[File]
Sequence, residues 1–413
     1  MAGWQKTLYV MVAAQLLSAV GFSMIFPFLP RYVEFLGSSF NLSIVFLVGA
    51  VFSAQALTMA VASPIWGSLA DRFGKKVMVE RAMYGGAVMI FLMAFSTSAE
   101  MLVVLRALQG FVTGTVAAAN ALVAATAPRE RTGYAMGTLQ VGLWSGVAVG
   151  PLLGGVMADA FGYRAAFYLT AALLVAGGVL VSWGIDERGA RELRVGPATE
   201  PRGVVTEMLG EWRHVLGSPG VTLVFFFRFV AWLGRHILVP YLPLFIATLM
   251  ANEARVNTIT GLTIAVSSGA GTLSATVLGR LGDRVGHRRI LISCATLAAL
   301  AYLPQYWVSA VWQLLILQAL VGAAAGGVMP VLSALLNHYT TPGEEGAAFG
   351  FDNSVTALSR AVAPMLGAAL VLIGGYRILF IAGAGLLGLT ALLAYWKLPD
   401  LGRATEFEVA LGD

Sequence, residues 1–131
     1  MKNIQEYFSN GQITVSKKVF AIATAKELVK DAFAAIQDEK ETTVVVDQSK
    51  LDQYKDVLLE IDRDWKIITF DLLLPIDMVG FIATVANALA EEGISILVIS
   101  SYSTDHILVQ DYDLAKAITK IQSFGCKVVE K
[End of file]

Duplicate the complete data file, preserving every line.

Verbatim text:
Sequence, residues 1–413
     1  MAGWQKTLYV MVAAQLLSAV GFSMIFPFLP RYVEFLGSSF NLSIVFLVGA
    51  VFSAQALTMA VASPIWGSLA DRFGKKVMVE RAMYGGAVMI FLMAFSTSAE
   101  MLVVLRALQG FVTGTVAAAN ALVAATAPRE RTGYAMGTLQ VGLWSGVAVG
   151  PLLGGVMADA FGYRAAFYLT AALLVAGGVL VSWGIDERGA RELRVGPATE
   201  PRGVVTEMLG EWRHVLGSPG VTLVFFFRFV AWLGRHILVP YLPLFIATLM
   251  ANEARVNTIT GLTIAVSSGA GTLSATVLGR LGDRVGHRRI LISCATLAAL
   301  AYLPQYWVSA VWQLLILQAL VGAAAGGVMP VLSALLNHYT TPGEEGAAFG
   351  FDNSVTALSR AVAPMLGAAL VLIGGYRILF IAGAGLLGLT ALLAYWKLPD
   401  LGRATEFEVA LGD

Sequence, residues 1–131
     1  MKNIQEYFSN GQITVSKKVF AIATAKELVK DAFAAIQDEK ETTVVVDQSK
    51  LDQYKDVLLE IDRDWKIITF DLLLPIDMVG FIATVANALA EEGISILVIS
   101  SYSTDHILVQ DYDLAKAITK IQSFGCKVVE K